The amateur draft is not a perfect science and professional teams know that better than anyone. Everyone can determine where a prospect is at a given time simply by scouting and looking at numbers but you see, that’s not what scouting is all about. No matter how many games scouts watch, no matter how much expertise they have on their scouting teams, no matter what the numbers certain players are putting up today, the fact remains that they are all trying to project how much young players will develop over a certain period of time.

However, it seems like some fans think that it’s easier than it really is. Some go as far as following prospects and play their mini Bob McKenzies prior and during the annual NHL event by having their own Mock Drafts, even going as far as criticising the professionals in that domain. At times, they will come back a few years later pointing that they were right way back when, but never will they do the same the umpteen times that they were wrong. Yet, NHL teams’ scouting records will always be for all to see, even years later.

But before going any further and look at all 30 teams’ track records when it comes to amateur drafts, let’s hear what Montreal Canadiens’ Vice President of player personnel Trevor Timmins, whose role is to oversee the Canadiens’ amateur scouting system, including the annual NHL Entry Draft and amateur free-agent recruitment, as well as overseeing the team’s amateur scouting staff, covering Canada, the United States and Europe.

As Timmins joined the Canadiens’ organisation back in the summer of 2003, this is when we well start our research to help determine exactly where he stands and why General Manager Marc Bergevin thinks so highly of his employee. However, we will only be focusing on one aspect of his role: drafting amateur prospects.

For starter, let’s state that Mr. Timmins has drafted a combined total of 99 amateur players from 2003 to 2016 inclusively. Those players have played a combined total of just under 8,500 games in the NHL. Okay, that’s all fine and dandy, but where does that rank him in comparison to his peers, will you ask? Let’s break it down.

First and foremost, let’s say that it’s not fair to have the Winnipeg Jets in these discussions. They only started drafting back in 2011 and it takes a long time to see the results of drafts. It’s also not a fair comparative when it comes to games played. of course. Also, let’s not forget that like any statistic, no matter what advanced stats people want you to believe, no statistic tells the whole story. Last but not least, we calculated the games played even after a player was traded to another organisation as we’re not judging the GMs’ jobs, but rather the draft history of those teams.

Since 2003, here is a chart showing how many first round selections a team has made, then second round and third round. Because the number of rounds has changed over the years, I have combined picks from the fourth round and later all together, as historically, fewer players from those rounds make it to the NHL. Without further due, here are the numbers.

picksperround
Number of players selected broken down by round for each NHL team (2003-2016)

I think that we can all agree that the more players you draft, the better are your chances at seeing some of them break into the league but as you can see, the Canadiens are in the bottom half of the NHL since 2003 and in total, only five teams (6 if you include Winnipeg) have drafted less often than Trevor Timmins. That’s the first point of reference when it comes to how many players should make it to the NHL, comparatively speaking in relation to all other NHL teams.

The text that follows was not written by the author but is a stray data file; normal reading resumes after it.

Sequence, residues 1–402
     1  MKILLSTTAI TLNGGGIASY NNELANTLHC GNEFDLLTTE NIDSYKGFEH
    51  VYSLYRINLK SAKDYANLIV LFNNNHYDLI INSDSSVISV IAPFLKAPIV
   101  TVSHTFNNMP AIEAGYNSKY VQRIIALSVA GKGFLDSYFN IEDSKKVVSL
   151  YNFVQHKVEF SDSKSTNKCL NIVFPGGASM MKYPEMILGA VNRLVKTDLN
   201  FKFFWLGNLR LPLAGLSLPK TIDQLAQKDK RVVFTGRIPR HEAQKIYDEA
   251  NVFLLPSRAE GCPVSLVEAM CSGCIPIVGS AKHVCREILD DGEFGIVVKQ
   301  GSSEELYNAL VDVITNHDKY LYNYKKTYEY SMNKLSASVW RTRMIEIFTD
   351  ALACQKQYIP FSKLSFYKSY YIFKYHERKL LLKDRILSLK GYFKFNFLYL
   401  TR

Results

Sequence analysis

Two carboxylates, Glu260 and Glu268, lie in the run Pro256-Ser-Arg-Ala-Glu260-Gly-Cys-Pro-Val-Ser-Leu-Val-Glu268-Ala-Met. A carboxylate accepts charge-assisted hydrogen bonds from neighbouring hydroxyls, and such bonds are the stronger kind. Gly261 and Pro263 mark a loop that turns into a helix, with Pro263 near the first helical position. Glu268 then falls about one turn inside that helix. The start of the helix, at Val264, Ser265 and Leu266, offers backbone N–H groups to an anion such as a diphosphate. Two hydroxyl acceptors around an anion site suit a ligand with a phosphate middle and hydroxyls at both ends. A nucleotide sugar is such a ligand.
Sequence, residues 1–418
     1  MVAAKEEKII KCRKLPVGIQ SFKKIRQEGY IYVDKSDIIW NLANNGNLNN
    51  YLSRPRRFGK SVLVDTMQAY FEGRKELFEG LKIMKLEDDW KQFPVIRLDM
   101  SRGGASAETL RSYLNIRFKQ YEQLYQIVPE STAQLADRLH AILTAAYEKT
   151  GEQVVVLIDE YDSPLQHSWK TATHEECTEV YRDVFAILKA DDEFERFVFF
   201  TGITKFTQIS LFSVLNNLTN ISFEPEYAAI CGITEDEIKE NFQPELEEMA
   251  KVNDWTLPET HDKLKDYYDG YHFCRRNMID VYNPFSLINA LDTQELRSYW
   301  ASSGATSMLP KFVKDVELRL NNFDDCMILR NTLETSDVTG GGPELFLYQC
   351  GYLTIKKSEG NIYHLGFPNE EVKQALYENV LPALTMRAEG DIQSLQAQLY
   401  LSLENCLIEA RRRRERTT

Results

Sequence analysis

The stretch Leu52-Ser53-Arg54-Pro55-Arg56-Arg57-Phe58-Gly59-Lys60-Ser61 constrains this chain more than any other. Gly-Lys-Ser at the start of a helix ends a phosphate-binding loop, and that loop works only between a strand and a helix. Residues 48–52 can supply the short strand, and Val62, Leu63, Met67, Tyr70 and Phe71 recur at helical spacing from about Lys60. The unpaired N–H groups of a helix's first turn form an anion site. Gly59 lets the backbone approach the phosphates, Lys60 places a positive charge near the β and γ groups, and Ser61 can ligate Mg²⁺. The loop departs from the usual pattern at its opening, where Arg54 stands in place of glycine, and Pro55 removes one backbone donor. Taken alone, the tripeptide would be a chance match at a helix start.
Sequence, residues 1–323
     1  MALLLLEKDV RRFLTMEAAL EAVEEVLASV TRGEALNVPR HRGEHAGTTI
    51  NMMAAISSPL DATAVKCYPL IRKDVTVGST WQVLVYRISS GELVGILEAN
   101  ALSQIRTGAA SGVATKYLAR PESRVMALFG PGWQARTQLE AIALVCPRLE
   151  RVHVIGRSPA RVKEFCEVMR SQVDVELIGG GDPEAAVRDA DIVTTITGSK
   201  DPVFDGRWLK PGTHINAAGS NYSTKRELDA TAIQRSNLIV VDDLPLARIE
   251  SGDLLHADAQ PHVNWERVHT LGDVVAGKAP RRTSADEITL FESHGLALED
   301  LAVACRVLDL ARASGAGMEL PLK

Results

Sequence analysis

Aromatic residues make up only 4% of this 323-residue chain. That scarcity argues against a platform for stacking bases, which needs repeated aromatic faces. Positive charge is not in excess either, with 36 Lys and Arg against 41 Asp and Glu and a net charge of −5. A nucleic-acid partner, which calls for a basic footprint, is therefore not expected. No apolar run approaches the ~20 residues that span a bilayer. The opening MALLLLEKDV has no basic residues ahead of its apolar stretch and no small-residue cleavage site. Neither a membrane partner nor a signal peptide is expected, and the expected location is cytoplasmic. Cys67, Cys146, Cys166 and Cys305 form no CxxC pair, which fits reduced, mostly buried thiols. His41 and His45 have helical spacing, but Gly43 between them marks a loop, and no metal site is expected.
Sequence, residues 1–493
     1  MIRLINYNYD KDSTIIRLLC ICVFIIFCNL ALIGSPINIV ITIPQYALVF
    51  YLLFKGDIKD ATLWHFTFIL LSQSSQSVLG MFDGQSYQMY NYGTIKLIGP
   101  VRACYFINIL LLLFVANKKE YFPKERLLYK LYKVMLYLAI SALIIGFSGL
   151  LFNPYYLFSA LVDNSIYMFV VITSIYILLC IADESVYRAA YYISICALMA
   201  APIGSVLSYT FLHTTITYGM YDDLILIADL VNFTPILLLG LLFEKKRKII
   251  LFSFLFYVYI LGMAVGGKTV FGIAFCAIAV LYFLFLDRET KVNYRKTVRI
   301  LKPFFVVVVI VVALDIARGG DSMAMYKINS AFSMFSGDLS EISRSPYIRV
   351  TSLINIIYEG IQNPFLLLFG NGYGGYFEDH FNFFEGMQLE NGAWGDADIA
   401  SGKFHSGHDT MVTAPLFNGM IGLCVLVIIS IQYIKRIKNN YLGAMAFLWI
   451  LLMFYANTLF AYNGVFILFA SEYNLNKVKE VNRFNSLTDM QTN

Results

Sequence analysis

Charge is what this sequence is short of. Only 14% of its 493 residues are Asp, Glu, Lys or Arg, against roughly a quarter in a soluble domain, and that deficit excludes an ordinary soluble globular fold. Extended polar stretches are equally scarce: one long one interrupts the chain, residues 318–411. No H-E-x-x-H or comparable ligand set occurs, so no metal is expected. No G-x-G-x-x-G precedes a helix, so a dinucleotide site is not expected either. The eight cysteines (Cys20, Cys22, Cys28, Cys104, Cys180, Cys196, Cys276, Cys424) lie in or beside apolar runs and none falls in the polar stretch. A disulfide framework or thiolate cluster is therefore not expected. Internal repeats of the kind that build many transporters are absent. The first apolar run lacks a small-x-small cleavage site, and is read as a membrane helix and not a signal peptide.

Another reference point for any NHL team is the number of players drafted have made it to the NHL. Here are the total number of players who have played in the NHL.

playersnhl
Number of players making NHL (2003-2016)

Just looking at the number of players reaching a sniff at the NHL isn’t fair as not all teams have had the same number of picks, as we’ve seen before. So let’s look at the percentage representing the number of players with NHL experience over the number of players drafted by each team. Those players were, at one point or another, worth enough to get a look at the NHL.

percentagenhl
% of players drafted playing in NHL (2003-2016)

That is all fine and dandy, but these numbers include players who have made a career in the NHL as well as those who have only played a handful of games (or less). Let’s look at another chart, this time at the number of NHL games played in total but the players drafted by each team.

totalgamesplayed
Total number of games played (2003-2016)

It looks like the Canadiens have drafted players who have actually made an NHL career in comparison to other teams, doesn’t it? But finally, for a more complete assessment of the work done by each team, let’s take the average of the number of games played by the players drafted by each team, divided by the number of draft picks they have taken overall.

gpperdp
Games played per Draft Pick (2003-2016)

What the above chart is saying, it’s that the Canadiens under Timmins, while having selected the 24th least amount of picks, have the highest average of games played by player drafted. So there you have it folks. If someone ever tells you that Trevor Timmins is overrated, or that they Canadiens aren’t drafting well, show them proof that they are just blowing hot air, and that their opinion is based on nothing but the optic and not on evidence. This includes all NHL teams, so you have something concrete to base the comparisons, much better than listening to people who just like to hear themselves talk.

On a side note, can you imagine if Pierre Gauthier didn’t trade so many draft picks? Marc Bergevin understands the value of those picks and give Timmins the necessary freedom to do his work.

Source for numbers: hockeydb.com as of December 9, 2016